One day Tsunpa Kyab asked a Tibetan paṇḍita who had just come back from U-Tsang about the teachers there. This is how he first heard the name of Pakmodrupa Dorje Gyelpo (phag mo gru pa rdo rje rgyal po, 1110-1170), and he immediately resolved to become his student. The biography says his heart was stirred up by devotion just like the leaves of a tree fluttering in the wind. He was twenty-five when he traveled to U. Upon his arrival at Densatil (gdan sa thil), he was unable to meet Pakmodrupa for three days. Then he went into his presence bearing gifts of brocade and a horse. Pakmodrupa refused to accept the horse, saying that doing so would be an omen that he would soon leave for another place, perhaps even die. Tsunpa Kyab felt as if he were being scolded, and wept, begging to be accepted as a disciple. Pakmodrupa said, “I will take special care of you, and grant you all the teachings you desire, so why the unhappiness?” Over the course of just two days he received the entire span of Pakmodrupa's teachings, from generating bodhicitta up through Mahāmudrā. He concentrated so intently on the practices that he hardly had a chance to prepare food or even time to eat. Sometimes he just drank water with ashes mixed into it, or heated his gruel by burning tree leaves instead of wood.
Although Tsunpa Kyab experienced the highest realizations of Mahāmudrā, all this time he was a layperson, and Pakmodrupa often urged him to become a monk. He did take the Bodhisattva vows along with the name Rinchen Pel, but he remained a layperson for the two and a half years (some say thirty-two months) he stayed with Pakmodrupa.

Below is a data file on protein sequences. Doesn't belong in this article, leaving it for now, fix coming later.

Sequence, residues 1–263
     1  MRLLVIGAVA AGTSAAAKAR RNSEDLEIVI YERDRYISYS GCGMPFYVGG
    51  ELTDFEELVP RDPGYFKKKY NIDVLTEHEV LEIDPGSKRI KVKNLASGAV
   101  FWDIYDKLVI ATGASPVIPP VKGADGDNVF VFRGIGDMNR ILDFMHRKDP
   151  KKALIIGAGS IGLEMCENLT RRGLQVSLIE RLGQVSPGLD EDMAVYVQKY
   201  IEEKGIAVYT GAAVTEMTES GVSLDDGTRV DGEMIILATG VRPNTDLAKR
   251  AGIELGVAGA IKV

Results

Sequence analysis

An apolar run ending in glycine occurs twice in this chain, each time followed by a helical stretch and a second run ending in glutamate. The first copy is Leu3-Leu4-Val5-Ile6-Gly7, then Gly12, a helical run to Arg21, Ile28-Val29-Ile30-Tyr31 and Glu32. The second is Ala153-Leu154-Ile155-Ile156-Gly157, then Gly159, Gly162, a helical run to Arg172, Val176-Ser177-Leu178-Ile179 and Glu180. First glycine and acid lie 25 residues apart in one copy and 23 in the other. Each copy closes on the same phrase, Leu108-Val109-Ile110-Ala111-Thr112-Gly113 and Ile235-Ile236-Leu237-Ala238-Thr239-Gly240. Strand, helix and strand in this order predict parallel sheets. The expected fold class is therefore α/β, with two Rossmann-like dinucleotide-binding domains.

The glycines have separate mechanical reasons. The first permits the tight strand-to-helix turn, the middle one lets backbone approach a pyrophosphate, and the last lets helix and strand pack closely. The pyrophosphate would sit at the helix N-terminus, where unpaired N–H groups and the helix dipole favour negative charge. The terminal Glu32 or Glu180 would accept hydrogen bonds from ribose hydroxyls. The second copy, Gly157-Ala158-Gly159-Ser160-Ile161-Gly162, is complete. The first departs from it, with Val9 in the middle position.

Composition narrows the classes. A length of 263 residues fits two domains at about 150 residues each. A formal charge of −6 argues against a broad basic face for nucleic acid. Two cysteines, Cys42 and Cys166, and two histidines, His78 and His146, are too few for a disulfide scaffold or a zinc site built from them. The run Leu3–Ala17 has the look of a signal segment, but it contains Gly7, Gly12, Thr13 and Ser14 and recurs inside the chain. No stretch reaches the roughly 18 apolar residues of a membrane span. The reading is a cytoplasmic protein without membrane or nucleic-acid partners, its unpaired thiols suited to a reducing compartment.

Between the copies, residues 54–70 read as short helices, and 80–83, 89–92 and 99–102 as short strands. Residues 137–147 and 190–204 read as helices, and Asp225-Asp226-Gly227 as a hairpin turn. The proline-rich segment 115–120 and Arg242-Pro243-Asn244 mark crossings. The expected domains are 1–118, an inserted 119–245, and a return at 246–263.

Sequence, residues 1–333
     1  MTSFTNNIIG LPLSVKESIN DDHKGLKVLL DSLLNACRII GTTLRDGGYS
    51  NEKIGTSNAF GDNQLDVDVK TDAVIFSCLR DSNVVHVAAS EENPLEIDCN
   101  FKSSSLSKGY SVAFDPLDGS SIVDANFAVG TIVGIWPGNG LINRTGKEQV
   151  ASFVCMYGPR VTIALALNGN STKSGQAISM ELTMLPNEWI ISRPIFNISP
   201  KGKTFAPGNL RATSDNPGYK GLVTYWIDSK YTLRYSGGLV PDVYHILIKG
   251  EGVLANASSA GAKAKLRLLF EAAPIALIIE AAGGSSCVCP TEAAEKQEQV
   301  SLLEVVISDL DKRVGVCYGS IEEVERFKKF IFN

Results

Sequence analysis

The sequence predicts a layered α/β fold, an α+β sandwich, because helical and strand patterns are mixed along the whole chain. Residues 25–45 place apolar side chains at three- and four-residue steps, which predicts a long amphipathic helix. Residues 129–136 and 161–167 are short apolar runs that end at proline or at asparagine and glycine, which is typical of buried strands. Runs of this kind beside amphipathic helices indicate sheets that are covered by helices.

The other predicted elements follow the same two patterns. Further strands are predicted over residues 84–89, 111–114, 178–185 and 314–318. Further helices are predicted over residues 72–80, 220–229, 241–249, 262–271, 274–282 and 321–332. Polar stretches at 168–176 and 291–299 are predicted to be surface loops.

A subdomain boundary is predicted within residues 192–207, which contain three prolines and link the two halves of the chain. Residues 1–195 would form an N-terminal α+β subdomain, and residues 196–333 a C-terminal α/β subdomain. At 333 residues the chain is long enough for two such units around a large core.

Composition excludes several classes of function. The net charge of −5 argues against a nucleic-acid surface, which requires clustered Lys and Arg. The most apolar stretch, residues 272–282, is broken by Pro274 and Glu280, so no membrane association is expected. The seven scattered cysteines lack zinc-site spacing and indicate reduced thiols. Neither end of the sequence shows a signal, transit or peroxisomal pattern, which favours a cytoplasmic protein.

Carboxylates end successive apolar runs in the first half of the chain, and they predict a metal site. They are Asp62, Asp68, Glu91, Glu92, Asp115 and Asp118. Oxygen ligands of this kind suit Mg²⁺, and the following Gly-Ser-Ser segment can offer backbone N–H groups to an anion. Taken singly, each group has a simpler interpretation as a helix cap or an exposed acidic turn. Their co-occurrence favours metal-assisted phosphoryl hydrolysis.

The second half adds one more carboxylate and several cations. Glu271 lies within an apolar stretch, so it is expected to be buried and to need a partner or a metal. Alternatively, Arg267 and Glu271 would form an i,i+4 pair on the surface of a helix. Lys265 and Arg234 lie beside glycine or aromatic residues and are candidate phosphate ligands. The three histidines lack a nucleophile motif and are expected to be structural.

When Pakmodrupa died, Rinchen Pel went on to study with a master of Lamdre (lam 'bras) teachings named Tsilungpa (tsi lung pa), and a number of other teachers of various schools. Then he went into a five-year retreat at Yechung (dbye chung) where he concentrated on generation and completion process meditations. Later, during another two-year retreat at Yechung he unfortunately contracted the dreaded disease of leprosy in his foot. At first he felt that he was the lowest of the low, but then it occurred to him how fortunate he was to have the highest teachings from Pakmodrupa including those on the post-mortem state and transference so that he had no need to fear death. Finally, he felt sorrow at the thought that there were so few people who have these teachings. Then while meditating he felt the disease going out of his foot like dust swept away in the wind, or like a field being plowed. Eventually he had a vision of a giant snake-spirit going to another valley and at last he fully recovered. Based on his own experience he devised a practice that other victims of the disease could use to cure themselves.